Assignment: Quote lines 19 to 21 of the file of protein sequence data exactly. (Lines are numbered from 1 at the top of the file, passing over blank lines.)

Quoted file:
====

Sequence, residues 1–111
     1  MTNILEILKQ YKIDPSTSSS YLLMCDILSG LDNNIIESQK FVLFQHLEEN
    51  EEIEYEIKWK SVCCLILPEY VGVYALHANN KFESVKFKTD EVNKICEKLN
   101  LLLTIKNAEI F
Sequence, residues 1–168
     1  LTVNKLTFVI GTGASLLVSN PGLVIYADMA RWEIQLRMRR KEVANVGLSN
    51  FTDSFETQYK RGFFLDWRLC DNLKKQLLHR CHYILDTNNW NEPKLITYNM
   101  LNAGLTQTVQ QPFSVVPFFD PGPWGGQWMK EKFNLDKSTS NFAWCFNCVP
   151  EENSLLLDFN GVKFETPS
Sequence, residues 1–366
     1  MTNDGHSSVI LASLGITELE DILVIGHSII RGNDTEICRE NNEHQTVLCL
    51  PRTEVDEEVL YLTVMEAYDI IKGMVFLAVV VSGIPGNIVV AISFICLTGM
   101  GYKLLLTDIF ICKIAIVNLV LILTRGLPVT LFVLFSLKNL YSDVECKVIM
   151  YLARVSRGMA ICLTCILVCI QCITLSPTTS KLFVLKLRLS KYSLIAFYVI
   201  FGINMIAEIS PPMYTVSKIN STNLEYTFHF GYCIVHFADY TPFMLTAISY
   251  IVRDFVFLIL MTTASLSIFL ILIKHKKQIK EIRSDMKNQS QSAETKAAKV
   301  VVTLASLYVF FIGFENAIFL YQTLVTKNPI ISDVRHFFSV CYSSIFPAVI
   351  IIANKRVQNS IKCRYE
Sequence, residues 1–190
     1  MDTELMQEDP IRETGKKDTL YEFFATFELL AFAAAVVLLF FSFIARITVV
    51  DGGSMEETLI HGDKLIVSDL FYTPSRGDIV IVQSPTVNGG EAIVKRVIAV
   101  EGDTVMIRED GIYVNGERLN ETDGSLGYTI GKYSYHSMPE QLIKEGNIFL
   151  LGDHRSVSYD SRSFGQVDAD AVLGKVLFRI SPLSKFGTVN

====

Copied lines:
Sequence, residues 1–190
     1  MDTELMQEDP IRETGKKDTL YEFFATFELL AFAAAVVLLF FSFIARITVV
    51  DGGSMEETLI HGDKLIVSDL FYTPSRGDIV IVQSPTVNGG EAIVKRVIAV